use toothpick as stylus
… explore the depths
• explore interaction
– what happens when
• explore cognition
– what are the users thinking
• explore architecture
– what is happening inside
use scenarios to ..
• communicate with others
– designers, clients, users
• validate other models
– ‘play’ it against other models
• express dynamics
– screenshots – appearance
– scenario – behaviour
linearity
Scenarios – one linear path through system
Pros:
– life and time are linear
– easy to understand (stories and narrative are natural)
– concrete (errors less likely)
Cons:
– no choice, no branches, no special conditions
– miss the unintended
• So:
– use several scenarios
– use several methods
the systems
info and help
management
start
navigation design
add user
local structure – single screen
global structure – whole site
main
screen
remove
user
add user
confirm
remove user
messages
levels
• widget choice
– menus, buttons etc.
• screen design
• application navigation design
• environment
– other apps, O/S
the web …
• widget choice
• elements and tags
– <a href=“...”>
• screen design
• navigation design
• environment
• page design
• site structure
• the web, browser,
external links
physical devices
• widget choice
• controls
– buttons, knobs, dials
• screen design
• navigation design
• environment
• physical layout
• modes of device
• the real world
think about structure
• within a screen
– later ...
• local
– looking from this screen out
• global
– structure of site, movement between
screens
• wider still
– relationship with other applications
local
from one screen looking out
goal seeking
goal
start
goal seeking
goal
start
progress with local knowledge only ...
goal seeking
goal
start
…
but can get to the goal
goal seeking
goal
start
…
try to avoid these bits!
four golden rules
• knowing where you are
• knowing what you can do
• knowing where you are going
– or what will happen
• knowing where you’ve been
– or what you’ve done
where you are – breadcrumbs
shows path through web site hierarchy
top level category
web site
live links
to higher
levels
sub-category
this page
beware the big button trap
things
other things
more things
the thing from
outer space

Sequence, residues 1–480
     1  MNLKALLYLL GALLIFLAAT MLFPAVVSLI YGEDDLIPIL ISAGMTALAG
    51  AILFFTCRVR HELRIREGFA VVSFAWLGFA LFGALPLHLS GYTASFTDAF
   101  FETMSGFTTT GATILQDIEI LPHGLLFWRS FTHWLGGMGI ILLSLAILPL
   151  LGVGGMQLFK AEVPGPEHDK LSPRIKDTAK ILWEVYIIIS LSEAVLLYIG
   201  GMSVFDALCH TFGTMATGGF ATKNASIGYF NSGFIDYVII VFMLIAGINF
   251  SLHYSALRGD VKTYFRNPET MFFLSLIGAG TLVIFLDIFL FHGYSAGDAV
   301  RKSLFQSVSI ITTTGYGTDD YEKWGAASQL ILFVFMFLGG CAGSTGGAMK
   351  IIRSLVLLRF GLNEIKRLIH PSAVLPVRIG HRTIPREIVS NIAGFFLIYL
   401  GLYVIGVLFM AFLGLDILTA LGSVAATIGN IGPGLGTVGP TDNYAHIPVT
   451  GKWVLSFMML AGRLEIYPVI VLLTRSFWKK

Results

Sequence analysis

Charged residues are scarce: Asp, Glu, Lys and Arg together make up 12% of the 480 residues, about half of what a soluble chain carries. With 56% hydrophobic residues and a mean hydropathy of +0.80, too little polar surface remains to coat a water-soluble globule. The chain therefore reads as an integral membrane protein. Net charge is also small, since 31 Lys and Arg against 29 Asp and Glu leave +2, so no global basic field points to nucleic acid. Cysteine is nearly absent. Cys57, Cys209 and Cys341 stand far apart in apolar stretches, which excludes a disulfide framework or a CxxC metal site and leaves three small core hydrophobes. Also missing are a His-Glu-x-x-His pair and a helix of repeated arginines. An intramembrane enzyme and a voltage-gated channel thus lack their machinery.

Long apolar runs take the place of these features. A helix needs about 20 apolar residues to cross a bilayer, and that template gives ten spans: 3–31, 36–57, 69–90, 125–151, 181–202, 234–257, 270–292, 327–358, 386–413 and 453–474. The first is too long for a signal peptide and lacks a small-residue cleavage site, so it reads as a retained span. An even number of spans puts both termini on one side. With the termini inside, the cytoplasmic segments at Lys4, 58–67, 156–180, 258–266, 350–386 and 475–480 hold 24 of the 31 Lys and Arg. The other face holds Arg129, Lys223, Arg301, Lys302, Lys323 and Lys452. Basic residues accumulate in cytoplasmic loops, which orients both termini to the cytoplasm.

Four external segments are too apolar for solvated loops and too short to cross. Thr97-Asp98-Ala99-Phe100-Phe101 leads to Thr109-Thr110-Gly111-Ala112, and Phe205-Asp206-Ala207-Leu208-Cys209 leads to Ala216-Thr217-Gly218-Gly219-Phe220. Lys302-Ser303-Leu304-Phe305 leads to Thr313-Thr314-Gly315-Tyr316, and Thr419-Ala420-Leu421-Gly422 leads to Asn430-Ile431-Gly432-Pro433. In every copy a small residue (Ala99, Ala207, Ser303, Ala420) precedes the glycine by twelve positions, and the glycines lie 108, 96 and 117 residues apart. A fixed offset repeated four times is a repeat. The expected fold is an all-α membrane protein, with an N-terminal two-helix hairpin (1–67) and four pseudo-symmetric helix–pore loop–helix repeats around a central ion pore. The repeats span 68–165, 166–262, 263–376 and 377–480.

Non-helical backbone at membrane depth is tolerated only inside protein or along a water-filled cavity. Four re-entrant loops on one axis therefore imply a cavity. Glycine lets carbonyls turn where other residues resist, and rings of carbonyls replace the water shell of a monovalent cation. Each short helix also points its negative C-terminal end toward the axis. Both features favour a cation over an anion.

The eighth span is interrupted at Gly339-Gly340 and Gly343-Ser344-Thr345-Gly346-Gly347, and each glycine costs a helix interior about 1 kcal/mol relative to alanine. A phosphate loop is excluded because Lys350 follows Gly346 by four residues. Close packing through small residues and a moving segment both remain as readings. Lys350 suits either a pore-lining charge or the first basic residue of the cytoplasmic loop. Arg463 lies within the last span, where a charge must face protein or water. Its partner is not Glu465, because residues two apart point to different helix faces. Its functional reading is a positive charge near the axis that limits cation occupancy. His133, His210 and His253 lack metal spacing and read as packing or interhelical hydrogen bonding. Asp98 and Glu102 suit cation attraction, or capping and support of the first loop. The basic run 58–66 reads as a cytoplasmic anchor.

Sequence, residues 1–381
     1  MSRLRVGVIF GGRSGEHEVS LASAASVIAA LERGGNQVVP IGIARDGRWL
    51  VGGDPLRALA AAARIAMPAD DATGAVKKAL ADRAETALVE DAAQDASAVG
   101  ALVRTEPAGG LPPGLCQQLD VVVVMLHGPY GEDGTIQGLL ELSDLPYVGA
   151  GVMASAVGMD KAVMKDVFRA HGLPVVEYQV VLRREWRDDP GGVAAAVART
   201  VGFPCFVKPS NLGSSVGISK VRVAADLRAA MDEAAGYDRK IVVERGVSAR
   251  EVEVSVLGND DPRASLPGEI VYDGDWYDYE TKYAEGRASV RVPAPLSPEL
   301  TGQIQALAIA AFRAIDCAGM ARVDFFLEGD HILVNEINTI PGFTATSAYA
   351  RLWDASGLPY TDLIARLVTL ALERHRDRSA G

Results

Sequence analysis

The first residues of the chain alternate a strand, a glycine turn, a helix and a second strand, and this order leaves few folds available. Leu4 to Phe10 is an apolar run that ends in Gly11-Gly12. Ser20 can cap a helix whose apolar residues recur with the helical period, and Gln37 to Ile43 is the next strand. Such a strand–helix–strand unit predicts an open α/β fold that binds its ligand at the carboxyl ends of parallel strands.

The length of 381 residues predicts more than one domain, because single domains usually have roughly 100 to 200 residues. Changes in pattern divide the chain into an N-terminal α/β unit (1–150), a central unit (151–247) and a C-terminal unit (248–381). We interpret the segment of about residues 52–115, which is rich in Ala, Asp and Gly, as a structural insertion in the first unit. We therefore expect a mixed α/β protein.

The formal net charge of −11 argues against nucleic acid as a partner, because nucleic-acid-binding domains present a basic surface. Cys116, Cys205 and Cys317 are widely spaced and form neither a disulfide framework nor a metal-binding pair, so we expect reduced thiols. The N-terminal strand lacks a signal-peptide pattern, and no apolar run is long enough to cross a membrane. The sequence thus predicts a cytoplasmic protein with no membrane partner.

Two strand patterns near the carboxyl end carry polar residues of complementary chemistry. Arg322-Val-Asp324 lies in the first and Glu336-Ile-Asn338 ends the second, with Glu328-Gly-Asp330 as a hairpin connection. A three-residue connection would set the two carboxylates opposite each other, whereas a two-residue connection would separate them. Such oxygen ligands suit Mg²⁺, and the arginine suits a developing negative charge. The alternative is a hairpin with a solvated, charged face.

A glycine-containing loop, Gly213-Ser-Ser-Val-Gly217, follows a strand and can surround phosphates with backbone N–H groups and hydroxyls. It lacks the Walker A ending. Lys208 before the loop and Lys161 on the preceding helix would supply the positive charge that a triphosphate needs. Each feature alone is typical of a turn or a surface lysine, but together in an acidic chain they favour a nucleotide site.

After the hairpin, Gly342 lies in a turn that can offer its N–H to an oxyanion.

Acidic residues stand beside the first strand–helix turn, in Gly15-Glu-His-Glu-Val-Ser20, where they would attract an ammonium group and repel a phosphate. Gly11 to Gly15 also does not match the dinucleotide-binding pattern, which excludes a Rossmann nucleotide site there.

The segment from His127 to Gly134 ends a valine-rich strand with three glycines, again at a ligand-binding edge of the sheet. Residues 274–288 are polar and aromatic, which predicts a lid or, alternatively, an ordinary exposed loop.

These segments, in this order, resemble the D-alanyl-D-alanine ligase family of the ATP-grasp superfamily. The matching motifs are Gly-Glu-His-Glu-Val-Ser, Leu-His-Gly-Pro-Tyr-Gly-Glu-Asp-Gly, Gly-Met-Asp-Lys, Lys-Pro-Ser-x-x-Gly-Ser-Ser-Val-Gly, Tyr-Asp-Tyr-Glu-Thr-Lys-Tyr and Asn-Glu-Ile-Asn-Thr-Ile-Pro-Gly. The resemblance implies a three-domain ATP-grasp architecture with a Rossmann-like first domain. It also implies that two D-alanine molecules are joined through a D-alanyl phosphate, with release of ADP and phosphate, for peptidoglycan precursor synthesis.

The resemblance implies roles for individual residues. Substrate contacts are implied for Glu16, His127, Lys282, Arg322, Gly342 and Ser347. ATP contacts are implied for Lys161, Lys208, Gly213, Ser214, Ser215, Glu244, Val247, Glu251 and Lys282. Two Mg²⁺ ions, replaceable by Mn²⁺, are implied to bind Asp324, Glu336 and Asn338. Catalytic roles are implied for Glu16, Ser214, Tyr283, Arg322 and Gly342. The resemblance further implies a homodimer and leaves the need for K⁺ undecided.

• where do they go?
– lots of room for extra text!
modes
• lock to prevent accidental use …
– remove lock - ‘c’ + ‘yes’ to confirm
– frequent practiced action
• if lock forgotten
– in pocket ‘yes’ gets pressed
– goes to phone book
– in phone book …
‘c’ – delete entry
‘yes’ – confirm
… oops !
global
between screens
within the application
hierarchical diagrams
the system
info and help
management
add user
remove user
messages
hierarchical diagrams ctd.
• parts of application
– screens or groups of screens
• typically functional separation
the systems
info and help
management
add user
remove user
messages
navigating hierarchies
• deep is difficult!
• misuse of Miller’s 7 ± 2
– short term memory, not menu size
• optimal?
– many items on each screen
– but structured within screen
see /e3/online/menu-breadth/
think about dialogue
what does it mean in UI design?
Minister: do you name take this woman …
Man: I do
Minister: do you name take this man …
Woman: I do
Minister: I now pronounce you man and wife
think about dialogue
what does it mean in UI design?
Minister: do you name take this woman …
• marriage service
• general flow, generic – blanks for names
• pattern of interaction between people
• computer dialogue
• pattern of interaction between users and system
• but details differ each time
network diagrams
main
screen
remove
user
confirm
add user
• show different paths through system
network diagrams ctd.
• what leads to what
• what happens when
• including branches
• more task oriented then hierarchy
main
screen
remove
user
add user
confirm
wider still
between applications
and beyond ...
wider still …
• style issues:
– platform standards, consistency
• functional issues
– cut and paste
• navigation issues
– embedded applications
– links to other apps … the web

Dix , Alan
Finlay, Janet
Abowd, Gregory
Beale, Russell
screen design and layout
basic principles
grouping, structure, order
alignment
use of white space
ABCDEFGHIJKLM
NOPQRSTUVWXYZ
basic principles
• ask
– what is the user doing?
• think
– what information, comparisons, order
• design
– form follows function
available tools
• grouping of items
• order of items
• decoration - fonts, boxes etc.
• alignment of items
• white space between items
grouping and structure
logically together  physically together
Billing details:
Name
Address: …
Credit card no
Delivery details:
Name
Address: …
Delivery time
Order details:
item
quantity cost/item cost
size 10 screws (boxes)
……
7
…
3.71
…
25.97
…
order of groups and items
• think! - what is natural order
• should match screen order!
– use boxes, space etc.
– set up tabbing right!
• instructions
– beware the cake recipie syndrome!
… mix milk and flour, add the fruit
after beating them
decoration
• use boxes to group logical items
• use fonts for emphasis, headings
• but not too many!!
ABCDEFGHIJKLM
NOPQRSTUVWXYZ
alignment - text
• you read from left to right
(English and
European)
 align left hand side
Willy Wonka and the Chocolate Factory
Winston Churchill - A Biography
Wizard of Oz
Xena - Warrior Princess
fine for special effects
but hard to scan
boring but
readable!
Willy Wonka and the Chocolate Factory
Winston Churchill - A Biography
Wizard of Oz
Xena - Warrior Princess
alignment - names
• Usually scanning for surnames
 make it easy!

Alan Dix